Created in February 2012, the Public Advocate’s job was to serve as a point of contact for aliens in removal proceedings, community and advocacy groups, and others who have concerns, questions, recommendations or other issues they would like to raise about the Administration’s executive amnesty efforts. (ICE Press Release, Feb. 7, 2012; see also FAIR Legislative Update, Feb. 13, 2012)
Representative Diane Black (R-TN), the Congresswoman responsible for getting the language to gut the Public Advocate position into the FY2013 funding bill, called the Administration’s move in reinstating the post under a new name a waste of taxpayer dollars. “Using taxpayer dollars to fund a position whose primary purpose is to advocate on behalf of individuals who have broken our laws and entered our country illegally is ridiculous and certainly a waste of precious taxpayers’ money,” said Rep. Black. (Fox News, Sept. 5, 2013) “[The Obama Administration is] setting a dangerous precedent by breaking the very law he signed, and this kind of abuse of power will only undermine his agenda by destroying his credibility with Congress and the American people.” (Id.)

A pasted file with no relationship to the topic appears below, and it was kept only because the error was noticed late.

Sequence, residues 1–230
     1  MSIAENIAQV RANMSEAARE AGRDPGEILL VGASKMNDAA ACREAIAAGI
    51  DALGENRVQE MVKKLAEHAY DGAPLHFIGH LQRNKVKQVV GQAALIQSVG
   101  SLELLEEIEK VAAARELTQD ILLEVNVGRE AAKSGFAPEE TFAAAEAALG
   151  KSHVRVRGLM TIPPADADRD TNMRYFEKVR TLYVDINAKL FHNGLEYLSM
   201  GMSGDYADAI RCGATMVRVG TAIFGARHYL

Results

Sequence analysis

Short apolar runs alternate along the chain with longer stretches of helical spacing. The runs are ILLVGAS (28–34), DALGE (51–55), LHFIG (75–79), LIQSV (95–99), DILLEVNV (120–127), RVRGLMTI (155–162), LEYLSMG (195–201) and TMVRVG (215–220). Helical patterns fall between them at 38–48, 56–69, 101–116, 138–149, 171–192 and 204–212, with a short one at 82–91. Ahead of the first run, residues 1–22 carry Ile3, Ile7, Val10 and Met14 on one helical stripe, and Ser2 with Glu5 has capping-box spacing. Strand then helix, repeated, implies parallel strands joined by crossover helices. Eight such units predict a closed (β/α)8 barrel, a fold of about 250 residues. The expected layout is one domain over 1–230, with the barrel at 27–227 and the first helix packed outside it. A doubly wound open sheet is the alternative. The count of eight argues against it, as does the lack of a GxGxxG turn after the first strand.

Feinstein Urges ICE to Stop Deporting Illegal Farm Workers
Pro-amnesty Sen. Dianne Feinstein (D-CA) is requesting Immigration and Customs Enforcement (ICE) officials to stop enforcing immigration laws against illegal farm workers and their employers. (The Hill, Sept. 4, 2013)